I'm a compulsive sleever these days. Most of my games are sleeved (and those that aren't make me twitchy). And it's because I know the life cycle of a game - they print an initial print run. If it sells out quickly, more are printed. If it sells out slowly, it may or may not get an additional run. If it doesn't sell out after a bit, it goes on clearance and will never be reprinted.

I also know how much wear I put on my games. Deckbuilders especially, as it's "take two turns and reshuffle" for most games for a good long while. That puts a ton of wear on the cards.  So I sleeve my cards as much as I can.

I always try to sleeve out-of-print games, too. I spent a few hours recently sleeving The Great Khan Game, because that would be a crazy-difficult game to replace at a reasonable price.

Some games also change slightly from print run to print run. Some of my Cutthroat Caverns cards are mismatched just enough that you can pick them out when unsleeved. Sleeving them fixed that right away (now if only someone would make a 90x90 sleeve that isn't a penny sleeve for my event cards ... ).

I have one friend who - every time sleeves come up in discussion - expresses distaste for them. Every. Time. And I just don't understand the hate.  Sure they make it a little bit more difficult to shuffle - but not much, and it gets easier with practice. It's not like we're stuck in the mid-nineties when card sleeves were not tournament legal for Magic: The Gathering and other collectible games.
At the dawn of the Magic era, card sleeves existed for the storage and display of collectable [sic] cards. The idea that cards will retain a collectable [sic] value while also being played was revolutionary. Most early players refused to sleeve their cards. Sleeves available at the time fell into two categories: “penny” sleeves-- cheap, flimsy, and thin, and “top-loaders”-- two rigid plastic sheets bound together. In 1995 Ultra-PRO became the first company to sell card sleeves specifically designed for use during game play.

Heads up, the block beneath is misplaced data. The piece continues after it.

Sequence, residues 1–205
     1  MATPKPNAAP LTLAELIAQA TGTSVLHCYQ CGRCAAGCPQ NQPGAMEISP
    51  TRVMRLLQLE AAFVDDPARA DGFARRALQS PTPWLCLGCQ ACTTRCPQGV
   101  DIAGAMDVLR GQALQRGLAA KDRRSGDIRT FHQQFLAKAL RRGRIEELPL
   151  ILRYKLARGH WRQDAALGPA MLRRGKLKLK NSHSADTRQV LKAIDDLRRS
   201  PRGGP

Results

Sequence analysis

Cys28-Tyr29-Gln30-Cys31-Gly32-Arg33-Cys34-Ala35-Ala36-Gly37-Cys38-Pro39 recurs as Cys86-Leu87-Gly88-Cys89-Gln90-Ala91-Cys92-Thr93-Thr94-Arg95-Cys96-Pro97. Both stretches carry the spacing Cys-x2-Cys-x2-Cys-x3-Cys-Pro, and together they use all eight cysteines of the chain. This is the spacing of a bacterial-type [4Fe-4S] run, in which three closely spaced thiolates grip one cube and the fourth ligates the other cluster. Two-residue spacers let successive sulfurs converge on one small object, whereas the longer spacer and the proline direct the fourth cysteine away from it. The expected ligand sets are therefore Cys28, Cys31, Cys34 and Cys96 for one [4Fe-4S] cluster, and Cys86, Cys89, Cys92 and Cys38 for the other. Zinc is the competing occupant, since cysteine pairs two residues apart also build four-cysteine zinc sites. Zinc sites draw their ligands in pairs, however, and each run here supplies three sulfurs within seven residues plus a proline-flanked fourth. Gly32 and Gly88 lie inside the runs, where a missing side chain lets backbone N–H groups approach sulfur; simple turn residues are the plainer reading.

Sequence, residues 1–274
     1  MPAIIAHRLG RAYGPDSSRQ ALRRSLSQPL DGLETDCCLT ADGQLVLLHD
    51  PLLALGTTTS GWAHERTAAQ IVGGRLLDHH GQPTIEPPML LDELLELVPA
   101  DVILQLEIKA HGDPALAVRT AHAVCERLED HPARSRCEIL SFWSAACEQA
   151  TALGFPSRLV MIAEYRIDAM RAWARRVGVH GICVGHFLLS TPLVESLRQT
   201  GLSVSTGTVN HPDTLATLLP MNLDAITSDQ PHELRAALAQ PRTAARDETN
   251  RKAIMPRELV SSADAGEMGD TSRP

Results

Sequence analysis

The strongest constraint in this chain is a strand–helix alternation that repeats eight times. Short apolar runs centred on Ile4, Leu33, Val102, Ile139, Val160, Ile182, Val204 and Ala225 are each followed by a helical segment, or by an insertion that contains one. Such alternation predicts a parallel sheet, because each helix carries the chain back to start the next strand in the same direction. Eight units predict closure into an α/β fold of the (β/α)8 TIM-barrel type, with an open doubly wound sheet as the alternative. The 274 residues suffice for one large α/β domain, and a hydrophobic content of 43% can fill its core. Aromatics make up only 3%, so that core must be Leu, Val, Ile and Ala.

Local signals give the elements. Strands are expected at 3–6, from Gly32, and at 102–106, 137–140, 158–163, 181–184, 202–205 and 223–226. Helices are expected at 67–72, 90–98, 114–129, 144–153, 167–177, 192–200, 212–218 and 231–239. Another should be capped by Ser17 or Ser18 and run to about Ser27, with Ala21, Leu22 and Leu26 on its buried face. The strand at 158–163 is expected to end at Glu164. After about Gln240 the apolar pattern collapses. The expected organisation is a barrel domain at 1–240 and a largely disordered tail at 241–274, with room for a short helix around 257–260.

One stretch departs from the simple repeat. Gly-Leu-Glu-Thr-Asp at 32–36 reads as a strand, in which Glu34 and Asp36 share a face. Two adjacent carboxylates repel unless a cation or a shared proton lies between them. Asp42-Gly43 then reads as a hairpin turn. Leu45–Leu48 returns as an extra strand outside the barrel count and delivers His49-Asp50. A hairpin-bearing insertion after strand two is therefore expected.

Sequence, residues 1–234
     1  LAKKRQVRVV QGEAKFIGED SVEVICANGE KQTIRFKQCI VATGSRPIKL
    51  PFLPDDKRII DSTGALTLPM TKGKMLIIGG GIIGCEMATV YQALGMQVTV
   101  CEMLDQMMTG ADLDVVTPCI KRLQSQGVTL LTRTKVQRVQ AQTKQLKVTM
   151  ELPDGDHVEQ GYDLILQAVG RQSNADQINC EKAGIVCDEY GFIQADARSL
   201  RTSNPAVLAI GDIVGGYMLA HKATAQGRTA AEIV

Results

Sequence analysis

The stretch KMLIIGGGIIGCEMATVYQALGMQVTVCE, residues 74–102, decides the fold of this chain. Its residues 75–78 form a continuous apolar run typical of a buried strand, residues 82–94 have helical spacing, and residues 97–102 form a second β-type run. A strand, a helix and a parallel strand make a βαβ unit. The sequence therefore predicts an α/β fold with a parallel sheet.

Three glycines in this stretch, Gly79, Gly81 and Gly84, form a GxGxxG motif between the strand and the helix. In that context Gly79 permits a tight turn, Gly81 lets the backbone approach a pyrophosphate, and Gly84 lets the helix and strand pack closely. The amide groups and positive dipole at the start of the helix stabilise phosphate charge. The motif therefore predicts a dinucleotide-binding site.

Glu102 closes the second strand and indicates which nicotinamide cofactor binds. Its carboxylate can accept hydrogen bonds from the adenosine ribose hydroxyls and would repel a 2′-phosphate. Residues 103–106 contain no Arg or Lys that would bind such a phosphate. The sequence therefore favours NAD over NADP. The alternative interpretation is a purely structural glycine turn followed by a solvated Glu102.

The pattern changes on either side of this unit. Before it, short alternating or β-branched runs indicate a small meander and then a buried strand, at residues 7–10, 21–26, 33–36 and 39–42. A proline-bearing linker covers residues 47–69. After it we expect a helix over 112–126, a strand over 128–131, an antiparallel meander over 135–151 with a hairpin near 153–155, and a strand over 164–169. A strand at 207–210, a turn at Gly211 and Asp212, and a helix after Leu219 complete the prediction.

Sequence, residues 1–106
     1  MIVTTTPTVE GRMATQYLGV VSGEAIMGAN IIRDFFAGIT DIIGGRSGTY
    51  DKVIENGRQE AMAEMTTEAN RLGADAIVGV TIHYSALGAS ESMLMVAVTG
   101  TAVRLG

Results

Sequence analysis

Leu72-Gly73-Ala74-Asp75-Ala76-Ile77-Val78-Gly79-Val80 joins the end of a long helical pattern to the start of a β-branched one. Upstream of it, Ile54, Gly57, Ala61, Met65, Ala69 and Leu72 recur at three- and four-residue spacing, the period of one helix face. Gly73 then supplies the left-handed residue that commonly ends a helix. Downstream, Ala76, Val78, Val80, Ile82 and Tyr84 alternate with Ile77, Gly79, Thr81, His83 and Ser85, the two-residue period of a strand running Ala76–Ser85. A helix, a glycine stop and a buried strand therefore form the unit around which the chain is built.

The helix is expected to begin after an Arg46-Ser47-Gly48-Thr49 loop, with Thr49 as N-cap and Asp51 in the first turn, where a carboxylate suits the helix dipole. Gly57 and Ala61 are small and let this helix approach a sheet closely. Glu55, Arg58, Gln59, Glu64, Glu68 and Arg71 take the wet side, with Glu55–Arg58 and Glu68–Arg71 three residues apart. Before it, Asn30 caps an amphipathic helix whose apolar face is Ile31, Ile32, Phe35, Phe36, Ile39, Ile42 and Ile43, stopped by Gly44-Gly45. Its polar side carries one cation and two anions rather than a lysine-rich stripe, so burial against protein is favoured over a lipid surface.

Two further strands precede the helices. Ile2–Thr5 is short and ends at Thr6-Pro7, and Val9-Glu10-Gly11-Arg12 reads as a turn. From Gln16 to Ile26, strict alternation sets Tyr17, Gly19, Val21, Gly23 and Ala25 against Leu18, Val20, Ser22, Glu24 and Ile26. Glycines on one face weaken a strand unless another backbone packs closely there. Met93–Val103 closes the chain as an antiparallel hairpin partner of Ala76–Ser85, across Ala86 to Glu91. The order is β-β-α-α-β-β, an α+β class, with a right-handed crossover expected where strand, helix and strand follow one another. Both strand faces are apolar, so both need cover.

So said Wizards of the Coast in 2004. Those 1995 sleeves by the way? Sucked.  They were awful. A huge improvement over the other two types listed, but still bad.  They're much better, now, than they were at the time. But now Ultra-PRO has much more competition, too.

So what changed in the sleeving world?  The market's focus shifted.

The original penny sleeves were a loose fit that were a huge pain to shuffle. They were also wildly inconsistent - if you didn't buy them all at once, there was no guarantee that they'd be the same size (which effectively made for marked cards). This is because they were designed to hold baseball (and other sports) cards. Baseball cards are printed on a thin cardboard rather than a cardstock, so they sleeves needed to be a bit looser. And no-one in their right mind shuffled baseball cards, so the sleeves of the day didn't need to slide off of one another.

Once Magic cards started to be worth actual money, however, people wanted to protect their investments. The sleeve companies saw that there was interest in sleeves you could use for play, and they responded, to everyone's benefit.

Not long ago, a friend and I went to his FLGS to buy some sleeves.  He'd recently purchased Legendary: Big Trouble in Little China, and wanted to protect it. With good reason - it's a fun game, and sleeves will extend that fun because - again - deckbuilder.

So I checked this geeklist for the Legendary games (they all use the same size, as they're mostly cross-compatible), and the box for a number and told him confidently, "You need 400 of the Fantasy Flight Grey sleeves." Which matched my memory from sleeving Legendary Encounters: An Alien Deckbuilding Game.

Side note: I really like the Fantasy Flight Supply line of sleeves for most sizes. They're high-quality, well-fitting, come in enough sizes to fit most of the games that are out there, and - most importantly - they are consistent from run to run. They don't make every size I'd like to sleeve, but they sure try.

That geeklist, by the way, does have occasional errors, but it's correct much more often than it isn't.